The order of Clostridiales was detected in high abundance in all studied sites despite their difference in the history of oil exposure. This finding supports their general ability of Clostridiales members to utilize hydrocarbons under various conditions [68, 74,75,76,77] and tolerate the exposure to oil. The abundances of gene coding for enzymes of the anaerobic degradation of hydrocarbons however were dependent on the study site (Fig. 5b). These most likely reflect the differences in oil quality in terms of composition of hydrocarbons. Thus, we consider that the hydrocarbonoclastic potential of the microbiomes in each environment is influenced by the chemical composition of the oil, which can be very dissimilar among different study sites. It is possible though that we were not able to identify clear trends as a result of the introduced bias due to differences in the handling of the different metagenomes (e.g., DNA extraction, library preparation, and sequencing method). We expect that the change in the oil composition due to historic weathering affects the abundances of genes associated with the degradation of hydrocarbons in ecosystems exposed to petroleum for long time periods, but this has yet to be tested.


The analysis of microbiomes in a surface land-to-sea transition ecosystem with a natural occurrence of asphalt oil and the comparison with other datasets suggest that more than 2500 years of exposure to oil shapes microbiomes with the potential for hydrocarbon degradation linked to methanogenesis, thus favors syntrophic methanogenic interactions. In-depth sequencing of our metagenomes would have allowed the assembly of microbial genomes, the accurate identification of metabolic pathways and their connection to the extracted genomes. Since the present study was based on DNA sequencing, it provides no information about the expression of the detected genes. Further metatranscriptomic/metaproteomic/metametabolomic analyses may offer more insights into the processes which are actually active in situ. Additionally, lab experiments under well-defined conditions are needed to directly connect our findings to the depletion of electron acceptors (e.g., sulfate) in the oil-exposed sediment.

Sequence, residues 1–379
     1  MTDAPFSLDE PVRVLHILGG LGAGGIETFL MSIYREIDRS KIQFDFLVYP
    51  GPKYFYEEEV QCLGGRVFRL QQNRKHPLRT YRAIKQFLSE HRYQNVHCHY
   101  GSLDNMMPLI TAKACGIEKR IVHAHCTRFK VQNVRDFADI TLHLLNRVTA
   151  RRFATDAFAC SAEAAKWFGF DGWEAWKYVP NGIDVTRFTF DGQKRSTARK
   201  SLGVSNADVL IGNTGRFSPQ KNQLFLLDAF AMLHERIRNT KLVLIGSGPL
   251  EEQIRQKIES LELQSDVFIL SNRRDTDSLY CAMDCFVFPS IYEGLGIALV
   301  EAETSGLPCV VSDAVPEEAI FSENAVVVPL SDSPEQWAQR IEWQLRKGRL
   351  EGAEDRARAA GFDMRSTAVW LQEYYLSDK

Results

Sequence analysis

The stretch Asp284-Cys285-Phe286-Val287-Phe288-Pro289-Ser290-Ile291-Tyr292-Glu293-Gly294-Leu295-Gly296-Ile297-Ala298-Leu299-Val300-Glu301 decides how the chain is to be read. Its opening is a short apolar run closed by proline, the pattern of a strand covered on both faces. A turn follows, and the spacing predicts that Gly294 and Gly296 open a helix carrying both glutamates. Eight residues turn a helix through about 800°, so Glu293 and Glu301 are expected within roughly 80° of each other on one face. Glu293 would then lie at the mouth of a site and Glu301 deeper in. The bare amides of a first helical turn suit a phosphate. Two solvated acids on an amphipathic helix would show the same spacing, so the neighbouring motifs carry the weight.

Change history

  • 11 October 2017

    A correction to this article has been published.



Site highly exposed to oil


Site non-exposed to oil


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We are grateful to the Greek Ministry of Environment, Energy and Climate Change (Mrs. Baritaki and Mr. Chardalias) for granting us the permission to sample in the area of Keri Lake, as well as the administration and personnel of the National Marine Park of Zakynthos for their assistance in obtaining the sampling permission and providing us information about the ecosystem of Keri Lake. We thank Dr. Mourad Harir (Helmholtz Zentrum München) and Costas Nikolaou (University of Patras) for their assistance during the sampling campaign, as well as Marvin Dörries (Carl von Ossietzky University Oldenburg) for measuring the sulfate concentrations in the samples. Many thanks also to Gudrun Hufnagel, Kristin Günther, and Anke Kaminsky for technical support.


This work was supported by the Petros Kokkoros Bequest, Greece, through a grant awarded to Antonios Michas and the Alexander von Humboldt Foundation, Germany, through a Humboldt Research Fellowship for postdoctoral researchers awarded to Gisle Vestergaard.

Availability of data and materials

The datasets supporting the conclusions of this article are available in the Sequence Read Archive (SRA) repository under the BioSample accession numbers SAMN05712722–SAMN05712733, as part of the BioProject PRJNA340349 (SRA accession: SRP083127,

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KT, RR, DGH, and MS designed the study. PA designed the geological study. AM, KT, PA, DGH, and CEV collected the samples from Keri Lake. HW analyzed the hydrocarbon content and composition. AM, GV, and AS generated and analyzed the sequence data. AM, RR, MS, and AS conceptualized and wrote the manuscript. All authors contributed to revisions and approved the final manuscript.